We are expecting nearly 1,500 participants in our hands-on, boots-in-the-water programs — an 86 percent increase from last spring! We are now accepting school program reservations for next school year. Learn more about our education programs for school groups, educators, and community and conservation groups.
Expanded WikiWatershed® Toolkit Debuts
WikiWatershed is a Web toolkit presented by Stroud Water Research Center to help citizens, conservation practitioners, municipal decision-makers, researchers, educators, and students advance knowledge and stewardship of fresh water.
The WikiWatershed toolkit currently includes six tools.
- Model My Watershed® is a watershed-modeling Web app that lets you analyze real geo-data, model storms, and compare conservation or development scenarios in any watershed in the continental U.S.
- Micro Site Storm Runoff Model allows you to explore how land use and soil determine runoff for the Site Storm Model package of Model My Watershed.
- EnviroDIY™ is an online community of do-it-yourself enthusiasts sharing open-source ideas for environmental science and monitoring.
- Monitor My Watershed® is an interactive map-based Web app that lets you see streaming data from NOAA, USGS, and more. The Web app is currently limited to the Delaware River Basin.
- Leaf Pack Network® is a network of citizens, teachers, and students investigating their local stream ecosystems using the Leaf Pack Experiment Kit.
- Trout Grow on Trees® is a hands-on environmental education program that shows how planting streamside forests can lead to cooler, cleaner streams and healthier wild trout populations.
Did You Know the Leaf Pack Network is 15 Years Old?
The Leaf Pack Network (LPN) is a network of citizens, teachers, and students investigating their local stream ecosystems. Since Stroud Water Research Center’s education department launched the LPN in December 2000
- 464 groups have registered in 38 U.S. states, Puerto Rico, Washington, D.C., and in Canada, Chile, China, Colombia, Costa Rica, England, Ethiopia, Guatemala, Mexico, Peru, and the Philippines.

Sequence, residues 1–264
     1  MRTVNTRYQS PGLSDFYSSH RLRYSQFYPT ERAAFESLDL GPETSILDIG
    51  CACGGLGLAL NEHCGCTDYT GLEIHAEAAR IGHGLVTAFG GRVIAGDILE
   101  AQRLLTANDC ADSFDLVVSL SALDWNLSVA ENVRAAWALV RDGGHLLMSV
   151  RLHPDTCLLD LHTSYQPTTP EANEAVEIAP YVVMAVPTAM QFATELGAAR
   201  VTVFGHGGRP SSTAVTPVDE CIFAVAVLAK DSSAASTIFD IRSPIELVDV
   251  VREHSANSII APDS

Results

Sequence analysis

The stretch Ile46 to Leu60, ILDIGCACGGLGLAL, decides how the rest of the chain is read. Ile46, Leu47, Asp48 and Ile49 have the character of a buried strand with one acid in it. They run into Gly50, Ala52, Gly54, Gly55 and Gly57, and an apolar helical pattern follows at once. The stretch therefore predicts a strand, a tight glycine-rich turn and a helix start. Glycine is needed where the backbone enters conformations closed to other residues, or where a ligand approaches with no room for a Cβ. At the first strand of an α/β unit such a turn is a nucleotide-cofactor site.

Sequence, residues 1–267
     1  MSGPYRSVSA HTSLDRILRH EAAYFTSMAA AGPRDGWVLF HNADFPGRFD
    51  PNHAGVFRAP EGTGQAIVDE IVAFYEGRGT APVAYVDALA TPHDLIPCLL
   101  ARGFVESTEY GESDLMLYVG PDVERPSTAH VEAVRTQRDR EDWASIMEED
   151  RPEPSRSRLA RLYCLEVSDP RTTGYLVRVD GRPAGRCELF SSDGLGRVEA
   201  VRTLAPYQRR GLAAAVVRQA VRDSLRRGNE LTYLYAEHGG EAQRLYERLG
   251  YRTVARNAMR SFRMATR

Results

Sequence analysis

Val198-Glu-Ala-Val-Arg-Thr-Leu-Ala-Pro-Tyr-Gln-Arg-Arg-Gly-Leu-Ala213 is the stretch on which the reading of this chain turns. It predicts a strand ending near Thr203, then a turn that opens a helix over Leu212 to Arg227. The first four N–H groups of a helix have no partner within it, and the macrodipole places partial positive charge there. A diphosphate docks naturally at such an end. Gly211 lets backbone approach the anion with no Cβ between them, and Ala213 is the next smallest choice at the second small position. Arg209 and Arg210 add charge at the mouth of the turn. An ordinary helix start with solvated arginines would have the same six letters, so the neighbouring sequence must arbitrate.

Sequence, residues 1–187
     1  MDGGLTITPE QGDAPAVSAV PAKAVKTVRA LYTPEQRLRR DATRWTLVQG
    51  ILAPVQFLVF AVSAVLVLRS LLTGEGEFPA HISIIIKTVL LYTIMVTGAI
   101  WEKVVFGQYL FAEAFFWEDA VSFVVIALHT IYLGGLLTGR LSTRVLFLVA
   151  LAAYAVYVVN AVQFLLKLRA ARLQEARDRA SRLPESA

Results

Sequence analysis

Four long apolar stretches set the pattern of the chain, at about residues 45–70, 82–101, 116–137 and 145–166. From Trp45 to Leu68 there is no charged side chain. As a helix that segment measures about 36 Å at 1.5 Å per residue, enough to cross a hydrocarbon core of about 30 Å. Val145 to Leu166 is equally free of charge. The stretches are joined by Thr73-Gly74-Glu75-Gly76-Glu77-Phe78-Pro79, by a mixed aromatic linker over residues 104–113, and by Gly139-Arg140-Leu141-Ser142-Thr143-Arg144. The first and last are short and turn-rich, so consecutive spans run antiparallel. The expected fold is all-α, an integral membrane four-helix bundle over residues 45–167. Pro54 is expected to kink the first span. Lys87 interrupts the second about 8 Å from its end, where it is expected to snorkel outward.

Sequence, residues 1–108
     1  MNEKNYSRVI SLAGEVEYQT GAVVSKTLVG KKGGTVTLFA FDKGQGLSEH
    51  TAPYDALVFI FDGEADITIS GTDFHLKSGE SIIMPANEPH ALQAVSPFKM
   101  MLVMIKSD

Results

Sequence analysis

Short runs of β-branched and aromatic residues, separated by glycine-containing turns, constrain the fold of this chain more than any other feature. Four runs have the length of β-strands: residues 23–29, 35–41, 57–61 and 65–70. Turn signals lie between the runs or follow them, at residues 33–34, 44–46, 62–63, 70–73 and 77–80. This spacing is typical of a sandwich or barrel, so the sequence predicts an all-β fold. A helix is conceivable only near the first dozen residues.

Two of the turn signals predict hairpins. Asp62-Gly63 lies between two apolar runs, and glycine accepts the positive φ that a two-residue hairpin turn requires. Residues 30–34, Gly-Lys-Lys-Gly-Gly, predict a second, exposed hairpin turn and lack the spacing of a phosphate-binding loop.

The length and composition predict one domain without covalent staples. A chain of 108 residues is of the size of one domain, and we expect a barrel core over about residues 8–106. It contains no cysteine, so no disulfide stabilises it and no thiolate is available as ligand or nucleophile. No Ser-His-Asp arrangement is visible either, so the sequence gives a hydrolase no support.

- 671 experiments have been completed
- 97,074 macroinvertebrates have been tallied!
Curious about where LPN groups are studying streams? View the map
Science Education Monthly Feature: Feeding Baby Brook Trout
Brook trout once inhabited every cold water stream in the mid-Atlantic and northeast region of the US, but populations have dramatically declined during the past 200 years. Wild trout need cold, clean fresh water, which you would find in a shaded stream, a stream that has many trees growing right by it. They also need a food source, aquatic insects (aquatic macroinvertebrates).
These baby brook trout are about 4 months old and will be released into an approved stream in the upcoming spring as part of the Trout in the Classroom and Trout Grow on Trees programs. They love to eat, and we hope to soon feed them real insects!
To learn more about Trout Grow on Trees™ or to schedule a program at your school, visit the Trout Grow on Trees website.
Your Livable Landscape: Cultivating an Ecosystem Esthetic
Did you know you can reduce your carbon footprint by making smart landscaping choices?
Scientists and educators at Stroud Water Research Center and Longwood Gardens and colleagues including landscape professionals, a civil engineer, and an architect want you to know why your landscape choices are so important and how you can make a difference for the planet in your own garden.
The Livable Landscape web pages will take you through the changing notions of the ideal landscape and explain the science behind an Ecosystem Esthetic. Lastly, you’ll visit a photo gallery with beautiful examples of livable landscapes. Get started »